Flash Metal Suicide: Manowar - Sign of the Hammer
Sign Of The Hammer was perhaps the most gonzo metal album of the 80s. Its creators Manowar were clad in loincloth, glistening with battlesweat, and utterly magnificent.
“I made a rock n' roll sin when I tried givin' in” - All Men Play On Ten
If heavy metal is all just some extravagant alpha-male pissing contest to see who is the loudest and heaviest in the land – and it pretty much is – then Manowar are the undisputed King of Metal, now and forever. They are so sure of it they invented the term “false metal” to call out any band that's not as heavy as they are, which is basically every other band. When we're all dust and bones and the only survivors of the plagues, robot risings and mass extinctions around the corner are Mad Max-esque desert-trash motor-psychos, they will march into battle blasting Manowar, I'm sure of it.
Nobody understood the magnificence and absurdity of heavy metal as well as Manowar, and no one ever will again. And it would be heresy to suggest that they ever blew it or (god forbid) created any False Metal themselves, but we have to talk about Sign of the Hammer nonetheless, because its opening tracks are so hilariously out of character and so close to glam I can almost smell the hairspray.
But first, let's give the legends their due. Manowar are the heaviest band that has ever existed and Black Sabbath are the first true heavy metal band, so it makes perfect sense that they formed in the looming shadows of Sabbath. In 1980 original Manowar guitarist Ross the Boss – of NYC proto-punks The Dictators – was in Shakin' Street, who were opening for Sabbath on their Dio-fronted Heaven and Hell tour. Bassist Joey DeMaio was handling the pyrotechnics on those shows and hit it off with Ross. After the tour, they formed the band. Black Sabbath and explosions. That's how that band was forged, and that's how the band sounded.
The first few albums established a pattern of mixing chugging biker rock with proto-power metal epics. 1982's debut Battle Hymns was basically a metallized rock'n'roll album littered with story-songs about battle-damaged Nam vets and heartless lady killers, but by their landmark follow-up Into Glory Ride in 1983, their crazed excess-is-best template was set. They wore loincloths like cavemen and sang seven-minute songs about Viking funerals and wrote anthems about how metal they were right down to their fucking gloves and boots. There was no going back for these dudes. They were taking this shit all the way.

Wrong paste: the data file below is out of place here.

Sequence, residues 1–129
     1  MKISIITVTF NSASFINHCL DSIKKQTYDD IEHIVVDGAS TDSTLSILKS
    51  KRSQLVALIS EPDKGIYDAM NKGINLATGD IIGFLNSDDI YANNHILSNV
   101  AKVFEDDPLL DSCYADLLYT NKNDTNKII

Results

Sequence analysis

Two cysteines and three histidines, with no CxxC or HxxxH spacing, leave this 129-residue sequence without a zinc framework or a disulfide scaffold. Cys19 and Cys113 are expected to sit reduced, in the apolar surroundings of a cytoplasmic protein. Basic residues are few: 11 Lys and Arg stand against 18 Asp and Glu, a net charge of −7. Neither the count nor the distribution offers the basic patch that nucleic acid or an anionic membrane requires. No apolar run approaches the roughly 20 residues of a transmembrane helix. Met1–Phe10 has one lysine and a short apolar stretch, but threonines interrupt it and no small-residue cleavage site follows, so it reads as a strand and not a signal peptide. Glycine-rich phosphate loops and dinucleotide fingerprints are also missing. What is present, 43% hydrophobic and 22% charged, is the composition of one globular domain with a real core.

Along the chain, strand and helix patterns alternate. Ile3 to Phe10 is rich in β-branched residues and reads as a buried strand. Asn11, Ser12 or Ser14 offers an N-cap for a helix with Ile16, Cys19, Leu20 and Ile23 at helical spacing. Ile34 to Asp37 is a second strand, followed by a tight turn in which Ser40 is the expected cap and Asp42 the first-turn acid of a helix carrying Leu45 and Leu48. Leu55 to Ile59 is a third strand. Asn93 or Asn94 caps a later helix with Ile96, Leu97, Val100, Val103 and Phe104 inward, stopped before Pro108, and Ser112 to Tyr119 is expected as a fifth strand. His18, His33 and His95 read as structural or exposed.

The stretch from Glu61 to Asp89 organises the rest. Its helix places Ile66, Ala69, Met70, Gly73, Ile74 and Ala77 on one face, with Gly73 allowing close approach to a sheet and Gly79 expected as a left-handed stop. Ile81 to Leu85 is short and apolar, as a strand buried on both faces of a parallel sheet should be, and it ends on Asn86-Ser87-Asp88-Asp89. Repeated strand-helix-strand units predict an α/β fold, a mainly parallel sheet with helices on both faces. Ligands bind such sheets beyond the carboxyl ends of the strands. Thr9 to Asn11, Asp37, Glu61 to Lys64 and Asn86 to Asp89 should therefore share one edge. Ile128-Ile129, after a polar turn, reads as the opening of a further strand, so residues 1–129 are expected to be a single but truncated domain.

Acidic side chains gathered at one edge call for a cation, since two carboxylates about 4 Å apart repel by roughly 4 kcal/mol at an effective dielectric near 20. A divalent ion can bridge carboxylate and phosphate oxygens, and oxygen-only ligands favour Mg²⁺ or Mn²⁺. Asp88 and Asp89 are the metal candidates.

Hail to England was released in early 1984. Manowar had planned to tour the UK – British rockers were nuts about them – but the tour fell through, so they basically wrote the record as an apology. But regardless of wacky origins, it was a stunningly heavy and intense album. The entire B-side is basically a bloodbath. They could've just ridden the year out on Hail, but ten months later they returned with the incredible Sign of the Hammer, perhaps the most gonzo metal album of the 80s.
I'm not even going to dive too deeply into this record, but DeMaio's bass solo Thunderpick is a jaw-dropper, Mountains is essentially an eight-minute self-empowerment anthem/power-ballad doom-metal dirge, and just when you think things couldn't get weirder, album closer Guyana (Cult of the Damned) is about the 1978 mass suicide of 500 men, women and children at the behest of cult leader Jim Jones. They drank poisoned Kool Aid. Manowar wrote a song about it with lines like “Be good to the children and old people first/Give them a drink, they're dying of thirst”. All with leather-lunged lead singer Eric Adams treated the whole sordid affair like it was a night at the opera.
So already, you know, completely fucking nuts. But not as nuts as the album's openers, All Men Play On Ten and Animals. First of all, O gods of metal, I mean no disrespect when I say this, but All Men Play On Ten is kind of a rap song. It is. It's not like there wasn't a precedent for NYC rockers to try their hand at rapping in the 80s – see Wendy O Williams, Dee Dee Ramone and Debby Harry for prime examples – so it's not out of nowhere, but still, writing a song about how they'll never change their sound and then changing their sound in that very song is some serious next-level shit.
And Animals is straight-up horny teenager glam metal. No way around it. It's a fantastic wad of mid 80s bubblegum for sure, but “true metal” ? That might be a stretch, even for the Kings of Metal.
But I mean, that was it. Right after it was back to head-chopping business, and they never looked back. Europe discovered them and exalted them as gods and they spent the next thirty years living up to their reputation. The only remnants of their flirtation with mainstream glam are two goofy-but-great songs in 1984 and a handful of regretful beefcake photos they took around the same time dressed in skin tight strips of leather, glistening with battle-sweat.
Incidentally, Manowar recently announced their swansong tour. It's almost over, so if you haven't seen them yet, it's your last chance. Don't blow it.
Oh, and PS: death to false metal. Except for Animals. That one gets a pass.
Next week: Southern-fried and finger lickin'